Steamboat Springs At 10:43 a.m. April 15, Frank Gerken’s plane touched down at Yampa Valley Regional Airport in Hayden, where his wife, Mary, waited to greet her husband after his 493-day deployment in Baghdad, Iraq.
“It is hard when they leave,” Mary Gerken said this week. “The first couple months when he’d leave are really hard. You’re fearful, you don’t know what’s going to happen. You hope for the best and pray against the worst and try to keep positive.”
She won’t have to pray any longer.
Upon his return, Gerken, 49, retired from the Army National Guard as a lieutenant colonel after 31 years in the service.
He enlisted at age 18, looking to serve his country with the part-time commitment of a few weeks a year.
“I just wanted to be your citizen soldier,” said Gerken, who has lived in Steamboat Springs for 25 years.
After 30 years as a guardsman, Gerken reached his mandatory removal date, which forces him to choose between retirement and going on to be a colonel.
He decided he wouldn’t have time to attend the U.S. Army War College required for the colonel promotion because he wants to continue to run his business, Routt County Logging.
Mary said she’s proud of her husband and his dedication to his jobs.
“It’s an honor to have met someone like him,” she said.
Accepting a risk
Gerken first went overseas in 2005 when he volunteered for a deployment to Afghanistan where he would be an embedded trainer of Afghan National Army troops.
He could have spent his entire career in the National Guard stateside, but he didn’t take that option.
“Here I was sitting there in Cheyenne, not having been deployed, and I needed to raise my hand and go over there,” he said. “Having reservations is part of the job. You have to accept that risk. If you’re not willing to accept the risk of being deployed, you have no business being in uniform.”
His first trip overseas taught the Iowa native some indispensable lessons.
“The biggest thing I learned was that you have no idea how lucky you are to be American,” Gerken said. “Picture the most bankrupt, shot-up, most deprived society you can think of and you’re nowhere near what it’s like for the Afghans.”
But he found solace and hope for the country in the faces of the Afghan children who crowded around American troops, giving thumbs ups and clamoring to have their pictures taken.
“The Afghan children kept me sane,” he said.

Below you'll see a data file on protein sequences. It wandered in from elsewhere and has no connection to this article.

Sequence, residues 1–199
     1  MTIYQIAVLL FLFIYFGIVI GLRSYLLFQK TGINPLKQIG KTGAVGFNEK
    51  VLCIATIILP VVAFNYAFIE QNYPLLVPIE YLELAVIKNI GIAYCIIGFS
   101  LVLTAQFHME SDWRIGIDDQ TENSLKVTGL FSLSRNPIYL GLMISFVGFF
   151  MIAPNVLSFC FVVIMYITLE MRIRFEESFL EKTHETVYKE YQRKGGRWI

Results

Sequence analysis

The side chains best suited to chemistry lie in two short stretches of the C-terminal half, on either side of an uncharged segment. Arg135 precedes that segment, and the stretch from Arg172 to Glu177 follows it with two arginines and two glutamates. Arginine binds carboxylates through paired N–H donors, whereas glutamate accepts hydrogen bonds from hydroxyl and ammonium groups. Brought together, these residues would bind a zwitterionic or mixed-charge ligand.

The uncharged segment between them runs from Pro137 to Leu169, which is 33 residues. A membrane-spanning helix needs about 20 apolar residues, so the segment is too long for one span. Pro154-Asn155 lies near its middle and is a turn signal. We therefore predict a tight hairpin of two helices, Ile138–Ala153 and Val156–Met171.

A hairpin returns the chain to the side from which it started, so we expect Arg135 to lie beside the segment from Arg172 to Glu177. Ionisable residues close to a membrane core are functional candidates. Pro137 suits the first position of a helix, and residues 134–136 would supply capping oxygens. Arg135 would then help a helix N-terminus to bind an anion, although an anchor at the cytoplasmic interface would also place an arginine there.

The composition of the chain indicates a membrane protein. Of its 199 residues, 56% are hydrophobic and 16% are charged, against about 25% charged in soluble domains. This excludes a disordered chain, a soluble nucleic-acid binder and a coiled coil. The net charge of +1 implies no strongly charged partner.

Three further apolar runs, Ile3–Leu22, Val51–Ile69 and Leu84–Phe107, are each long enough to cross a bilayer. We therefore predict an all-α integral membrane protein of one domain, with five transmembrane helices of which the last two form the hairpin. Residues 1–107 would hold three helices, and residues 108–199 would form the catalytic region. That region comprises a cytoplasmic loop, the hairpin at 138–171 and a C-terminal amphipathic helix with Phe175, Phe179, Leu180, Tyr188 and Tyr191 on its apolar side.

He recalled a young girl named Hamida who spoke four languages and worked on her English with the troops. He remembered the way the children swelled with pride when the troops presented them notebooks and pencils donated by the Walmart in Steamboat Springs where Mary works.
Still, Gerken acknowledges that he was “damn glad to be back” when he returned home to Steamboat in 2006 and married Mary, who he had been dating before he left.
He told a co-worker he wouldn’t mind picking up another deployment before he retired, and that opportunity took only a few years to arise. In 2010, he was sent to Kuwait and then to a large base in Baghdad where he worked as a targeting engineer and a contracting expert.
During his 31-year career, Gerken has constructed buildings, designed roads, assessed potential targets, worked with plastic explosives and reached out to local children in war-torn countries.
“I think it’s been very rewarding because I’ve done things and had life experiences I never would have had otherwise,” he said. “And not just in Iraq or Afghanistan; I’ve met people I wouldn’t have met otherwise. I’ve been to bases in Alaska to Texas, I’ve gone to conferences in Baltimore, Maryland and school in California.”
The next adventure
Jack Richardson, a Steamboat Springs resident who served in the Navy, said he’s known Gerken for 10 years.
“I think he’s an outstanding individual,” Richardson said. “It’s outstanding we have someone so dedicated to our country as he is.
“Anyone that serves your country, in my book, is top of my list, and I couldn’t have a better friend than Frank.”
Richardson and other friends and family gathered at Double Z Bar & BBQ April 22 for a welcome home party, but for Gerken, the work hasn’t ended.
As a retired Army guardsman with top security clearance, he still has the opportunity to work as a private contractor overseas. His wife said she’d think about going with him next time, once her 16-year-old son leaves home.
“On to the next adventure,” Mary said.
“Yeah, like straightening out the basement,” Gerken joked.
To reach Nicole Inglis, call 970-871-4204 or email ninglis@SteamboatToday.com.